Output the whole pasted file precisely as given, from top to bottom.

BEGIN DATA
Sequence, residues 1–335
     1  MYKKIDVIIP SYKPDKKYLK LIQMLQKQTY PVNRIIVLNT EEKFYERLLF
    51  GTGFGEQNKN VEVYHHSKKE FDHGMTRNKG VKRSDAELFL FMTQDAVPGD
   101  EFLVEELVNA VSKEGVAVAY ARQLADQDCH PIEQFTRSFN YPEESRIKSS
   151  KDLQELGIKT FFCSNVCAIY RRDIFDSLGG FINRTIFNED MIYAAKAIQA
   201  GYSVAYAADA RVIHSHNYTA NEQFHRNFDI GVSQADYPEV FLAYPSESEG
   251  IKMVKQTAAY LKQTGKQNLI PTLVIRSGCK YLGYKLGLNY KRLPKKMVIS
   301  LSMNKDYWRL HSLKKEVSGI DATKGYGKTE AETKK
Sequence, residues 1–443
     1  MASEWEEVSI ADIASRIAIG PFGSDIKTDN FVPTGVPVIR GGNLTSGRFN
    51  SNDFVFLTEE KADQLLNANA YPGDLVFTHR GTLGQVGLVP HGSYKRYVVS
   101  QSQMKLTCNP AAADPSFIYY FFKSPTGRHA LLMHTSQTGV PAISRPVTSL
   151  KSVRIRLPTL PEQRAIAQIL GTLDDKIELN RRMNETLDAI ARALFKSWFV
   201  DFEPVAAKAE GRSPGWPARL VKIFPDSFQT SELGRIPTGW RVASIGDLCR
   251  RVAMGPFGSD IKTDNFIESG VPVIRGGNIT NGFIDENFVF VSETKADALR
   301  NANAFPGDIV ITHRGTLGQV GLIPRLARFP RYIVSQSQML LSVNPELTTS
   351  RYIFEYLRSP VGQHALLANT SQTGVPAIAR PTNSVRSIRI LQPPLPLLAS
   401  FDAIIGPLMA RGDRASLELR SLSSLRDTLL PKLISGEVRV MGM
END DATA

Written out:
Sequence, residues 1–335
     1  MYKKIDVIIP SYKPDKKYLK LIQMLQKQTY PVNRIIVLNT EEKFYERLLF
    51  GTGFGEQNKN VEVYHHSKKE FDHGMTRNKG VKRSDAELFL FMTQDAVPGD
   101  EFLVEELVNA VSKEGVAVAY ARQLADQDCH PIEQFTRSFN YPEESRIKSS
   151  KDLQELGIKT FFCSNVCAIY RRDIFDSLGG FINRTIFNED MIYAAKAIQA
   201  GYSVAYAADA RVIHSHNYTA NEQFHRNFDI GVSQADYPEV FLAYPSESEG
   251  IKMVKQTAAY LKQTGKQNLI PTLVIRSGCK YLGYKLGLNY KRLPKKMVIS
   301  LSMNKDYWRL HSLKKEVSGI DATKGYGKTE AETKK
Sequence, residues 1–443
     1  MASEWEEVSI ADIASRIAIG PFGSDIKTDN FVPTGVPVIR GGNLTSGRFN
    51  SNDFVFLTEE KADQLLNANA YPGDLVFTHR GTLGQVGLVP HGSYKRYVVS
   101  QSQMKLTCNP AAADPSFIYY FFKSPTGRHA LLMHTSQTGV PAISRPVTSL
   151  KSVRIRLPTL PEQRAIAQIL GTLDDKIELN RRMNETLDAI ARALFKSWFV
   201  DFEPVAAKAE GRSPGWPARL VKIFPDSFQT SELGRIPTGW RVASIGDLCR
   251  RVAMGPFGSD IKTDNFIESG VPVIRGGNIT NGFIDENFVF VSETKADALR
   301  NANAFPGDIV ITHRGTLGQV GLIPRLARFP RYIVSQSQML LSVNPELTTS
   351  RYIFEYLRSP VGQHALLANT SQTGVPAIAR PTNSVRSIRI LQPPLPLLAS
   401  FDAIIGPLMA RGDRASLELR SLSSLRDTLL PKLISGEVRV MGM